A food-first approach is best when it comes to supporting the body’s need for nutrients. In short, food comes packaged in a way that provides nutrients that are more readily available and usable by the body. This is by design. While intentional supplementation can be beneficial, we have to remember that we cannot out supplement a poor diet/lifestyle. Supplements are intended to serve as just that- as a supplement to an established nutritional foundation; not as a replacement. 

What are some foods to consider for immune support?

Before we continue, I wanted to add that as a parent, I understand how difficult it can be to get kids to eat a well-balanced meal. My son’s a hit-or-miss in terms of wanting to eat what I serve or refusing. I enjoy giving him options to make decisions, even in terms of food choices. But at the end of the day, I’m his Mama. And as his Mama, it’s my responsibility to provide him with food that nourishes his body. He’s simply not old enough to make those decisions himself. Let’s be honest- if it were up to him, he’d live off pizza!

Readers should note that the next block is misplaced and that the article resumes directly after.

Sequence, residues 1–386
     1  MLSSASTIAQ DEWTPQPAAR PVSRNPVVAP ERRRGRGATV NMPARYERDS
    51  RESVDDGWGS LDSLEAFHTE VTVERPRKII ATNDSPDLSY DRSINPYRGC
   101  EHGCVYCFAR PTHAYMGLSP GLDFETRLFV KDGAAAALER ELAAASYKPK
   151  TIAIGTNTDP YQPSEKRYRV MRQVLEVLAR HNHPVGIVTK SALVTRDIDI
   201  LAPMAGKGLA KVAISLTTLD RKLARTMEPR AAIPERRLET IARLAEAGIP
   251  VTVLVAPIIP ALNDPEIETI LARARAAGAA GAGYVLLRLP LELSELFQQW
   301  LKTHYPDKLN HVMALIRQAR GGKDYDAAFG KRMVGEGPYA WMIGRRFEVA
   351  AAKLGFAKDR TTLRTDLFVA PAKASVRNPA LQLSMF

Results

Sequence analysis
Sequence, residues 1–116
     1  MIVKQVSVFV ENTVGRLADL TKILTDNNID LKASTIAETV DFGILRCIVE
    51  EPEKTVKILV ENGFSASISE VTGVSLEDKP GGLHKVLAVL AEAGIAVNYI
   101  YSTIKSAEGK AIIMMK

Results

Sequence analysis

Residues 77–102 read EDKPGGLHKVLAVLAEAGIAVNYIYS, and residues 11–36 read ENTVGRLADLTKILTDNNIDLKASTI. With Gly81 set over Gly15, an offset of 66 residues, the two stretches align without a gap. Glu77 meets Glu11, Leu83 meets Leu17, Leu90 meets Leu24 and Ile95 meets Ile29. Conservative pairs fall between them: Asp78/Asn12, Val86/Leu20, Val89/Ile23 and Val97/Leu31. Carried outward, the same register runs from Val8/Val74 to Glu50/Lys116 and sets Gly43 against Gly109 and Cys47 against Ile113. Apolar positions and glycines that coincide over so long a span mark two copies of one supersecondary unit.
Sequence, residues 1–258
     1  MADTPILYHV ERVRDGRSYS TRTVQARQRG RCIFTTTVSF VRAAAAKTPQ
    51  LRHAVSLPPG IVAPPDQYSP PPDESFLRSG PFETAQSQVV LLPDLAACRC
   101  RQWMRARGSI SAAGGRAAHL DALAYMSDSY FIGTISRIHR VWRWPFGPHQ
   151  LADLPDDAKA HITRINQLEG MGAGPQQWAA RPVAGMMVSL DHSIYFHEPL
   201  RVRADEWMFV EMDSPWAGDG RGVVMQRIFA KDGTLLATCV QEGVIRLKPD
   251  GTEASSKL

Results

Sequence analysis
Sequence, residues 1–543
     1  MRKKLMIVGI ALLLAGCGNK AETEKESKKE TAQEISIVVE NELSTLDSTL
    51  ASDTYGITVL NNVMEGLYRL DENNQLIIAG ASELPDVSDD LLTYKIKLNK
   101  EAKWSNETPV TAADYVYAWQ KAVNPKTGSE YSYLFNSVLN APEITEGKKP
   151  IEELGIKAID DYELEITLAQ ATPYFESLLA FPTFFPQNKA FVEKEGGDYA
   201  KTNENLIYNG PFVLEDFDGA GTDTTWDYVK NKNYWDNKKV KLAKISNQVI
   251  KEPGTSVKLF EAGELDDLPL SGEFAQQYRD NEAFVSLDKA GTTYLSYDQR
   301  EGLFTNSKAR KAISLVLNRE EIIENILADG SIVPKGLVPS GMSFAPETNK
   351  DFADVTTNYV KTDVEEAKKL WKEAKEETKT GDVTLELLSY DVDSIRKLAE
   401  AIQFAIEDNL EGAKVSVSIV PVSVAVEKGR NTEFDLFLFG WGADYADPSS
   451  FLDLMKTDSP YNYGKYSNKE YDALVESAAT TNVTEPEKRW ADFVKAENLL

In terms of supporting immune health, there are many different nutrients that work to strengthen our immunity. With respect to individual circumstances and toleration, variety is key in keeping our immune systems strong.

Generally speaking, try to aim for a variety of colorful, whole foods to pack in these nutrients. I’m going to mention a few big players.